Is it time to rethink the “Game of the Year” award for mobile?

Matt Dion
13 min readSep 19

Written in collaboration with Deconstructor of Fun and JadeInferno Consulting

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Have you ever been sitting in a meeting — or listening to a podcast, perhaps — where the merits of a game were being discussed and the topic of “Game of the Year” was raised?

Like our peers in film, music, and television, the games industry loves to partake in annual celebrations of talent and creativity, culminating in a singular product that stands above the competition as the year’s most outstanding achievement.

Unlike these other formats, however, the games industry produces experiences that can differ vastly from one platform to the next. The Academy Award for Best Picture is essentially the same product whether viewed in the theaters or on a mobile device, but the Game of the Year award is evaluated quite differently for mobile games than it is for PC and console titles.

The Game Awards, perhaps the industry’s most well-known annual awards gala, characterizes the Game of the Year award as “recognizing a game that delivers the absolute best experience across all creative and technical fields.” The Best Mobile Game award, on the other hand, is simply “for the best game playable on a mobile device.”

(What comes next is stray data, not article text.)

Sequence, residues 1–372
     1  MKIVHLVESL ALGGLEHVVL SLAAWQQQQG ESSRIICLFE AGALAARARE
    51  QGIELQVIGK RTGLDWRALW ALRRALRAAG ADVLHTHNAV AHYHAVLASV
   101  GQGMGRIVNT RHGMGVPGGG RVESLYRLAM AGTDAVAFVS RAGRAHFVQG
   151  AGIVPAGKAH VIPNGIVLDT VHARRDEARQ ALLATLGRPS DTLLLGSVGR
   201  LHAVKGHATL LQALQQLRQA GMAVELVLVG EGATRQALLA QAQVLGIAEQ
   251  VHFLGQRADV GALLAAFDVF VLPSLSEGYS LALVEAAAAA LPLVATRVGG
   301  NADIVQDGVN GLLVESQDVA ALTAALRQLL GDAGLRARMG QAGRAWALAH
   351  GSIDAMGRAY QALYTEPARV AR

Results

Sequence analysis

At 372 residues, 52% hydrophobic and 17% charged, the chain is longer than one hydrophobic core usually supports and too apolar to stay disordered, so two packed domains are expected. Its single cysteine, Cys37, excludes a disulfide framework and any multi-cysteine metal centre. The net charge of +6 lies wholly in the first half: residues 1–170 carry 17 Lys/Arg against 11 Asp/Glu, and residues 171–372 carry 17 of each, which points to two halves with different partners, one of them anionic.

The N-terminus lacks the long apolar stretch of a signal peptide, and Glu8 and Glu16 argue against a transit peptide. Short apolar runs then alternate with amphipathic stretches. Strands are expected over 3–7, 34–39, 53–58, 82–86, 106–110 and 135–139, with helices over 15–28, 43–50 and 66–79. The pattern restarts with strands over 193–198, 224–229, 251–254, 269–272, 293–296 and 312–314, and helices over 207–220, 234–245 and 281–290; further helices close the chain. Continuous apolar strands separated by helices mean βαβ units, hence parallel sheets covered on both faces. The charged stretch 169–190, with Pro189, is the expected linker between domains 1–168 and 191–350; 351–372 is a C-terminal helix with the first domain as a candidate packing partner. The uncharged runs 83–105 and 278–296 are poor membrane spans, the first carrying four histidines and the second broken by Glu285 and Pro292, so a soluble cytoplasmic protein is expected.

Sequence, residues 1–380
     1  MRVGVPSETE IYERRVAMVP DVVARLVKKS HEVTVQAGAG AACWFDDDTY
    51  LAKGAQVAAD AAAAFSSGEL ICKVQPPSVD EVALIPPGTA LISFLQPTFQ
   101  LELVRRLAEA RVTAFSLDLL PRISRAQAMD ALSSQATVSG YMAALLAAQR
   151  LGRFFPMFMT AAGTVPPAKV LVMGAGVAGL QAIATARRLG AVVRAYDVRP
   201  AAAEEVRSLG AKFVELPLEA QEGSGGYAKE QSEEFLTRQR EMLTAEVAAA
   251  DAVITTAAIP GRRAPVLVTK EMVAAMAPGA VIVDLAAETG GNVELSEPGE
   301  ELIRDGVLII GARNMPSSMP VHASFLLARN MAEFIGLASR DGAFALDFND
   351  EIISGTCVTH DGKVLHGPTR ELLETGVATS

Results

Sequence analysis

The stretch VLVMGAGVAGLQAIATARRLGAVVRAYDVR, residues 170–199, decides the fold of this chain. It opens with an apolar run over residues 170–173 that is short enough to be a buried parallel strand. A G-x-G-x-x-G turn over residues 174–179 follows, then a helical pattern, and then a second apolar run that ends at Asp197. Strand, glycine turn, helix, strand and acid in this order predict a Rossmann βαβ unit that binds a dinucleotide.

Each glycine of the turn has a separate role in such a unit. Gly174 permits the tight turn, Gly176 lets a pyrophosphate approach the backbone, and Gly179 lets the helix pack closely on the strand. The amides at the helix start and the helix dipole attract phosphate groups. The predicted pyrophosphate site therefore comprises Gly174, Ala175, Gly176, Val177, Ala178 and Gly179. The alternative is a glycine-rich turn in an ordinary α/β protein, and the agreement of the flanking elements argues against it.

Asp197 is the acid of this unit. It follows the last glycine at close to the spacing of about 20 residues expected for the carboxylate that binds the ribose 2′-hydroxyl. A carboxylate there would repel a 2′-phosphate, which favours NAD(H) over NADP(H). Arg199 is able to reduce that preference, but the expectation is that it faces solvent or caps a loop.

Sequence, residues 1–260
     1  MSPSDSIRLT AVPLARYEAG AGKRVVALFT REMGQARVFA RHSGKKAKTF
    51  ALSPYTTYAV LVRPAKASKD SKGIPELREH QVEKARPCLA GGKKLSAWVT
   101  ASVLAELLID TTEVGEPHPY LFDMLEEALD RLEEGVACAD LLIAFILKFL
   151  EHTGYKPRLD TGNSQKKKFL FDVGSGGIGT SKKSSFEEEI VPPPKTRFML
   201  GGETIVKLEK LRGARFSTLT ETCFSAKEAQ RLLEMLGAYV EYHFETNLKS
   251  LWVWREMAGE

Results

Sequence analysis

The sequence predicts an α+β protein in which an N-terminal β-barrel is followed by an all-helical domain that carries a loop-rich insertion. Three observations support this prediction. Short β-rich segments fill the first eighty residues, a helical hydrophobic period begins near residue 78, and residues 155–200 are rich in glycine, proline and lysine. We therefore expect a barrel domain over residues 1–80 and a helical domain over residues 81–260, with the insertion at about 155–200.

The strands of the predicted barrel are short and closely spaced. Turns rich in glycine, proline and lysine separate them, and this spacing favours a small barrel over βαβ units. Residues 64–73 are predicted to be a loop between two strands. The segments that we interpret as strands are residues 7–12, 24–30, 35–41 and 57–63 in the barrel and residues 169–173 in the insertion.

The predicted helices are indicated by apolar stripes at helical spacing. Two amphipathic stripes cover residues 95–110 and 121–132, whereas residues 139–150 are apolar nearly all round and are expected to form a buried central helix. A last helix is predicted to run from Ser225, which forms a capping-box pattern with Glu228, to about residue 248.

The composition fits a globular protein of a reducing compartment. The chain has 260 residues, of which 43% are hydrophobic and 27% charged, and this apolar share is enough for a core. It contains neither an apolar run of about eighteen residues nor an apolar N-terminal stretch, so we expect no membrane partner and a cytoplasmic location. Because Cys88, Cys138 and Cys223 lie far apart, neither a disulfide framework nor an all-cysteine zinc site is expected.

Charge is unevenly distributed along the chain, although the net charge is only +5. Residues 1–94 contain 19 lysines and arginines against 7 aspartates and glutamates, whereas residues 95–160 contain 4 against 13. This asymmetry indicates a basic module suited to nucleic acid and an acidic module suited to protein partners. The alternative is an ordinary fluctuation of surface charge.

Of course, the “best experience” or “best game” doesn’t necessarily tell us anything about the success of the title as a product or business. The same is true of other forms of entertainment — otherwise, we might evaluate superhero movies and boy bands much differently. But movies and music do not come with the same expectations of generating consistent cash flow for multiple years post-launch in the way that mobile games are expected to operate as live services or “forever franchises.”

Further, the “best game playable on a mobile device” skips over much of the nuance around mobile games and their perceptions in the market. While mobile games have historically been viewed skeptically by Western audiences and among the English-speaking enthusiast press, in places like Asia and Latin America mobile is the dominant form of interactive entertainment.

Additionally, the lines between “mobile devices” and consoles are increasingly blurring. Hardware like the Steam Deck and Nintendo Switch are…

Matt Dion

Always Scheming is the product of Matt Dion, a product manager, writer, and games industry professional.